This is one my favourite dishes I’ve ever made. Not only for its taste and texture, but also for the cooking process and seeing the butcher’s face when this little girl asked him for a 5 kg pork shoulder.

We – 4 guys, 2 girls – had this for a Saturday lunch a couple of weeks ago and because two guys had requested to have lunch early (they were going to have all-you-can-eat shrimps a couple of hours later – can you imagine), it ensured that I got up very early. I already showed my male housemates the pork shoulder the evening before. They got really excited seeing such a mounstrous big piece of meat and they didn’t eat anything until the pork was on the table the next day at noon. I’d put the pork in the middle of the table so everyone could pull some pork of the shoulder with their fork. The girls gave up pretty early, but the boys kept eating till there was almost no pork left – seriously, there was really almost no pork left.

This recipe is one of the least demanding recipes in the Momofuku cookbook. After you’ve put the pork in the oven, you’ve six hours to make the accompaniments. Even if you’re a really slow cook, I can’t imagine it will take you that long. After it comes out of the oven, the pork is freaking hot – so don’t be too greedy. The meat is really tender and juicy and the sugar-salt crust on top is just undescribebly delicious and addictive. To eat it, you just pull some pork with your fork and put it on a leave of lettuce. Top with the accompaniments you prefer, wrap it and indulge. If you share the Bo Ssäm with more than 6 people – which I would recommend – it isn’t expensive either. So if you want to trow a dinner for lots of people where everyone can put together their own bites – this is the thing you want to make.

Recipe from Momofuku by David Chang and Peter Meehan.

1 whole 3,6-5 kg bone in pork shoulder – My shoulder was 5kg
200 g granulated sugar
140 g plus 1 tbsp course sea salt
7 tbsp light brown sugar

260 g kimchi**
225 g ginger spring onion sauce***
400 g short-grain rice
3-4 heads Bibb lettuce, leaves separated, well washed and spun dry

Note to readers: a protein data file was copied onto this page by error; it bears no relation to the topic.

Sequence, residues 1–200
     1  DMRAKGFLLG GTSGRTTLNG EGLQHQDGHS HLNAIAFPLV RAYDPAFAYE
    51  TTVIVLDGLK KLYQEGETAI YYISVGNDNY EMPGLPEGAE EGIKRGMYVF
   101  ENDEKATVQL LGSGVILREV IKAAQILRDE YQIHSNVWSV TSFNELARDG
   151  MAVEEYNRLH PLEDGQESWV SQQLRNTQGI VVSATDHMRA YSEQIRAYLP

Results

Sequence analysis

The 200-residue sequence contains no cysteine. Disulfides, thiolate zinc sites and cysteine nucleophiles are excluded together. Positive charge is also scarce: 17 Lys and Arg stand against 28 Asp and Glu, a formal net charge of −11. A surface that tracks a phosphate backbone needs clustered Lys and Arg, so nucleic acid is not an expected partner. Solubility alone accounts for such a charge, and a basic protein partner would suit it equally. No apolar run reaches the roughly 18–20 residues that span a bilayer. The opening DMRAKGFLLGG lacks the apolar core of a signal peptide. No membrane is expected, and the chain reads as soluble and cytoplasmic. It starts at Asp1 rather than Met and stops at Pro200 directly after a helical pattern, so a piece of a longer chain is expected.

Maldon or other high-quality coarse sea salt

*David Chang also suggests oysters, Ssäm sauce and puréed kimchi, but due to laziness and having no money left, I left them out. Because I don’t like kimchi myself, I added the amazing sriracha sauce to my lettuce wraps.
** I didn’t feel like making my own kimchi – especially because I don’t like it – so I’ve used store-bought.
*** Recipe below.

Bo ssäm
Put the pork shoulder in a roasting pan, ideally one that holds it snugly. Mix together the granulated sugar and 140 g of the salt in a bowl, then rub the mixture into the meat; discard any excess salt-and-sugar mixture. Cover the pan with cling film and put in into the fridge for at least 6 hours, or overnight.

Heat the oven to 150˚C/Gas 2. Remove the pork from the fridge and discard any juices that have accumulated. Put the pork in the oven and cook for 6 hours, basting with the rendered fat and juices every hour. The pork should be tender and yielding at this point – it should offer almost no resistance to the blade of a knife and you should be able to easily pull meat off the shoulder with a fork. Depending on your schedule, you can serve the pork right away or let is rest and mellow out at room temperature for up to an hour – Even an hour after we’d started attacking the meat, it was still steaming and really hot.

When ready to serve (=all your accompaniments are prepared), turn the oven to 250˚C/gas 10, or highest setting.

Stir together the remaining 1 tbsp salt and brown sugar and rub the mixture all over the pork. Put it in the oven for 10-15 minutes, until the sugar has melted into a crisp, sweet crust.

Serve the pork shoulder whole and hot, surrounded with the accompaniments.

Ginger spring onion sauce
Make about 350 g
250 g spring onions (greens and whites; from 1 to 2 bunches), thinly sliced
50 g very finely chopped peeled fresh ginger
4 tbsp neutral oil
1 1/2 tsp light soy sauce
3/4 tsp sherry vinegar
3/4 tsp course sea salt, or more to taste

Mix together the spring onions, ginger, oil, soy, vinegar and salt in a bowl. Taste and check for salt, adding more if needed. Though it’s best after 15-20 minutes of sitting, it’ll be good the moment you stirr everything together. You can leave it in the fridge for a day or two.


6 Responses to “Momofuku Bo Ssäm.”

  1. Debs @ The Spanish Wok

    Wow, that’s a hell of a lot of sugar, but what’s not to like about the sound of this. Have pinned for another day, thanks.

    You are welcome to join in my monthly food blogger event THE SOUP KITCHEN, here offering a new theme each month. All bloggers are welcome, hope to see you participate soon.

  2. Annelore

    Ah ik zie opeens het licht… 21-diner material!! Kan dit op de bbq als je het hebt voorgegaard in de oven denk je?

    • martetatin

      Ah goed idee! Met hoeveel zijn jullie? Je zou er twee (misschien wat kleinere) kunnen maken? Ik heb niet zo veel ervaring met bbq’en hoor. Er zijn van die goedkope/niet zo dure thermometertjes voor in de oven te koop, die kun je ook op het rooster van de bbq zetten. Als je de temp. in de gaten houdt, kun je de schouder dus of de volle 6 uur lang op de bbq leggen, maar als je dat te veel gedoe vindt, denk ik dat als je het 4-5 uur in de oven doet en nog met de “sappen” bedruipt en je het daarna op de bbq legt, dat het ook vet lekker is. Je kunt de bbq natuurlijk ook heel heet of minder heet stoken, daar zou je dan rekening mee moeten houden.

      Ben benieuwd wat het wordt.. Bo Ssam of lam aan het spit ;)

  3. Seven Second Rhapsody

    Good god that is hefty. Looks completely worth it, hello!


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